Dental disease is the most common disease we see in ageing pets. Healthy clean teeth are essential to maximise life expectancy.
85% of dogs and cats over the age of 3 have signs of dental disease, with dental disease being one of the most common issues seen by vets. Bad breath (halitosis) is not “normal” in pets and is normally an indication of a mouth infection/ dental disease. These infections can cause discomfort in pets and can lead to more serious infections of the heart, liver and kidneys.
Dental Disease and Treatment:
What are the physical signs of dental disease?
- Halitosis, increased salivation, red gums, unwilling/ inability to eat, tartar build-up on the teeth, broken teeth.
If you notice any of these changes, click here to contact us to book an appointment for a free dental check-up. One of our vets will throughly examine your pets mouth and will let you know if any dental treatment is required. We will also give you a detailed estimate of the likely costs involved in any additional treatment that may be required.
Are all pets at risk for dental disease?
- Cats and smaller breed dogs are genetically prone to worse dental disease than larger dogs. These pets need more regular monitoring and treatment.
When should my pet have a dental clean?
- If there is visible tartar on the teeth, redness of the gum-line or broken teeth, then you should schedule a dental appointment for your pet.
What can you do to fix a broken tooth?
- If your dog or cat breaks a tooth, there are two treatments: root canal therapy or extraction. This should be done as soon as possible as the exposed nerve will cause pain and potential root infection.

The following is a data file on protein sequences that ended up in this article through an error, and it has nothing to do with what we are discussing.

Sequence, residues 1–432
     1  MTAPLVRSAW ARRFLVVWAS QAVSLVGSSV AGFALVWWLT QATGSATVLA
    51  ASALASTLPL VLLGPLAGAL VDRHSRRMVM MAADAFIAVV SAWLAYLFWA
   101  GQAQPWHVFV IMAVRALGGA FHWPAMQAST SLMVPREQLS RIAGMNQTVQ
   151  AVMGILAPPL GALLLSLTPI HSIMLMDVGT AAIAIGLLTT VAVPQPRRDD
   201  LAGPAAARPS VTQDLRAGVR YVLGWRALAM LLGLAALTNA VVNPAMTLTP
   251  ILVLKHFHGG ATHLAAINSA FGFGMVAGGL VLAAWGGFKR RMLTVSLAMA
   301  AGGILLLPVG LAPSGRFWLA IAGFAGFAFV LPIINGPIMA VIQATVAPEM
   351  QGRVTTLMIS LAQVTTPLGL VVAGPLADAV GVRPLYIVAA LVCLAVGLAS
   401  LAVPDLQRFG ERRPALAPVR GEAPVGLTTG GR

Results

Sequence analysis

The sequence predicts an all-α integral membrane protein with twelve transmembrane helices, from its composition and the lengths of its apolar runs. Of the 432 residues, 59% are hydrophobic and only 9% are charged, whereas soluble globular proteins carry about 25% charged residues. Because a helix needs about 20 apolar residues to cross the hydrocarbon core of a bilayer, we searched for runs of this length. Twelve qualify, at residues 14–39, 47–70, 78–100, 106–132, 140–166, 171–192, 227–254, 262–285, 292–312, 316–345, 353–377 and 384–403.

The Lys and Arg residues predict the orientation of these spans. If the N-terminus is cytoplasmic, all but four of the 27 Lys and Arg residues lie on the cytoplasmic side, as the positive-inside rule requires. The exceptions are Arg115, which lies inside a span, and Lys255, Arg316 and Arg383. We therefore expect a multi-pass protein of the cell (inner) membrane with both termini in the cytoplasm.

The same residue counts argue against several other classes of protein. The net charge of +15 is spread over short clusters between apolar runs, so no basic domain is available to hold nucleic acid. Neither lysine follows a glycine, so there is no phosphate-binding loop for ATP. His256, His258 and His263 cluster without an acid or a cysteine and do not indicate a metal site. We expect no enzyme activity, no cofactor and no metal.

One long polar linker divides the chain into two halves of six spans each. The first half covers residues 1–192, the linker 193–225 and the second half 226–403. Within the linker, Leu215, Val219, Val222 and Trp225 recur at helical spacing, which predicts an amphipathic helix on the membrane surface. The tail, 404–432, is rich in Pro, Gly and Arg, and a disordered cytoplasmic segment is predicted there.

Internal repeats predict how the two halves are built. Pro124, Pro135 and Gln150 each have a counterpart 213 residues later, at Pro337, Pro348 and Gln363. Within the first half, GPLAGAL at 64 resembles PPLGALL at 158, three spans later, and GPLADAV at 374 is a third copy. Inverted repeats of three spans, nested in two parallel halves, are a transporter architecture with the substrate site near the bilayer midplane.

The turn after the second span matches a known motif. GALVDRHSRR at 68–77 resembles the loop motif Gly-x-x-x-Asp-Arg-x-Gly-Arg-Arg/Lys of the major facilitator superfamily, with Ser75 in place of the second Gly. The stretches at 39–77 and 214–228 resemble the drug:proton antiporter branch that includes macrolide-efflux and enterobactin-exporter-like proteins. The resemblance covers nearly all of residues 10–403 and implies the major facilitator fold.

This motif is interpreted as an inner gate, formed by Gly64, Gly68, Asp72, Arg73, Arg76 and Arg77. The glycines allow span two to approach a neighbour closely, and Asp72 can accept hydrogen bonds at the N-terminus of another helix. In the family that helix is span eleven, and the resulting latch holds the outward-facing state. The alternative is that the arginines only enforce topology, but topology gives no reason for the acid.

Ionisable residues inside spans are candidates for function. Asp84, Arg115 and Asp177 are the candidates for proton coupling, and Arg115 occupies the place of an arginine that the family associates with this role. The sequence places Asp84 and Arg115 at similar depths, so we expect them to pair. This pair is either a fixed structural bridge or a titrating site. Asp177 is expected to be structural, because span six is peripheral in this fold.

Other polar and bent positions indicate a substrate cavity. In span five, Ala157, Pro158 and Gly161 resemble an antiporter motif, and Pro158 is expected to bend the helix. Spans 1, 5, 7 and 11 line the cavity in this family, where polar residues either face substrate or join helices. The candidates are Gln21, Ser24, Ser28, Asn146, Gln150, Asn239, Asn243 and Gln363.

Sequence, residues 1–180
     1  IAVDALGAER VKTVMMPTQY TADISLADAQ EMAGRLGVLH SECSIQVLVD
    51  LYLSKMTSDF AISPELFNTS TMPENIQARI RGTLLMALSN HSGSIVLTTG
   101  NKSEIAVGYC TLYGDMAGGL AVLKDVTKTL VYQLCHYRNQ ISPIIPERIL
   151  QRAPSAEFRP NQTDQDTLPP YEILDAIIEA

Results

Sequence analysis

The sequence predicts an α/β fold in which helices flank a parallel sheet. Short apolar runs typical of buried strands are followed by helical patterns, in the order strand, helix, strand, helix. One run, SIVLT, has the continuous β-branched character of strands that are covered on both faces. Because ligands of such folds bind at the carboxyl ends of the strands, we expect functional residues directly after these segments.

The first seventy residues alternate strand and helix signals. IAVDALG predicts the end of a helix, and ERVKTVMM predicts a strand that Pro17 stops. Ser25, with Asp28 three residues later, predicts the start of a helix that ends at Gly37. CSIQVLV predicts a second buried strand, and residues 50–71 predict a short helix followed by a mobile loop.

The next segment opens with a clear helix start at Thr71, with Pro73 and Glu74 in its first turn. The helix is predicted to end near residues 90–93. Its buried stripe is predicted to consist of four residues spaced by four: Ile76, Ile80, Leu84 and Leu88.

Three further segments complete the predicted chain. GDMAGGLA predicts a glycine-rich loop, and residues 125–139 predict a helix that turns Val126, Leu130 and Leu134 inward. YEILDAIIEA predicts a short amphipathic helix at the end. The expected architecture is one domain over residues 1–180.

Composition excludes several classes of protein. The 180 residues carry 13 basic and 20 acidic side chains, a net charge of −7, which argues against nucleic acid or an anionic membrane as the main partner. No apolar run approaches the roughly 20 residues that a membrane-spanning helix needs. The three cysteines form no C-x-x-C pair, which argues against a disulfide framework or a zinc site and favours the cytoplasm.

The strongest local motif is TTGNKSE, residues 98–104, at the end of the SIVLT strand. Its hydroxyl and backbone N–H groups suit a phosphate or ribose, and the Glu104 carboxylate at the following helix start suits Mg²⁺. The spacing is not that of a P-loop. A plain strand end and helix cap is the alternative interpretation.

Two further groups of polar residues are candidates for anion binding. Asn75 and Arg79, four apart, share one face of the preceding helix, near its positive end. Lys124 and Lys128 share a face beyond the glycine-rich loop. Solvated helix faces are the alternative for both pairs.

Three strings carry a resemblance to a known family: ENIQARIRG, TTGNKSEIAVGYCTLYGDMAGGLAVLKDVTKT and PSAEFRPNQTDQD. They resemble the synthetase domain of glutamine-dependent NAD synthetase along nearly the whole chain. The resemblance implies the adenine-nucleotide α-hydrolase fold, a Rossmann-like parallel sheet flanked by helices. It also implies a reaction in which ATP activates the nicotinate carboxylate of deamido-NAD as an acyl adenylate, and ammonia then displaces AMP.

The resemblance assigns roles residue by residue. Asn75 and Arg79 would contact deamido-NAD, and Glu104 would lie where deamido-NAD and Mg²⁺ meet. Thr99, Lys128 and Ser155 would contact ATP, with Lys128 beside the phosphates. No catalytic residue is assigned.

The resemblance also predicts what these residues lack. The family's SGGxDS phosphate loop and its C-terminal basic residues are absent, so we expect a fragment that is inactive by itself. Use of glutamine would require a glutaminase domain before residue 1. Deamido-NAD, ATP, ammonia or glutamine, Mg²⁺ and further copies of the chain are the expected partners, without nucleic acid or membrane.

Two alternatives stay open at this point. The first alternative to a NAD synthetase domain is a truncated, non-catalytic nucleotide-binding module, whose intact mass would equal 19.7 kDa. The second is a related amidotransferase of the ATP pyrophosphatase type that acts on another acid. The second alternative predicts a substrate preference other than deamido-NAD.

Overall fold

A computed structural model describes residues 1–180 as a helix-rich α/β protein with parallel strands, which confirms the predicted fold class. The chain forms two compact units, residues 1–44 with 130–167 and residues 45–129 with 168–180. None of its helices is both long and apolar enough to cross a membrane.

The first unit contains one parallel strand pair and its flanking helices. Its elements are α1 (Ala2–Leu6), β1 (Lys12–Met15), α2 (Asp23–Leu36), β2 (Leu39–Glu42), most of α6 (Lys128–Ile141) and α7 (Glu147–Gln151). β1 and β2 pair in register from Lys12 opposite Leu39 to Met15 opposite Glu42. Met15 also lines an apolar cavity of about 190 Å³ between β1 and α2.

What does a dental procedure involve?
- Your pet will have a physical exam and blood work if necessary. After you pet is anaesthetised, the tartar will be removed, periodontal sockets probed and measured, and dental radiographs are taken as necessary. Tooth abnormalities are treated depending on the findings. The enamel is then polished to recreate a smooth tooth surface.
What are dental x-rays and are they necessary?
- Dental radiographs (x-rays) allow us to evaluate the tooth and the supporting structures (including the jaw bone surrounding the teeth). It is common to have damage to the bone or tooth root which is hidden under the gum-line and can only be seen with radiographs.
How will my pet eat if several teeth are extracted?
- Even if you pet is not showing signs of pain, advanced dental causes significant discomfort. Removing these diseased teeth is better for your pet, and many clients report a significant improvement in their pets’ wellbeing, even during the recovery process.
My cat/dog still eats fine and the teeth are bad……is he/she in pain?
- Animals have a strong natural instinct to hide pain and normal eating is not a reliable indicator of pain. If dental disease is present, some degree of discomfort will be present and treatment is warranted.
Is my pet “too old” for a dental procedure?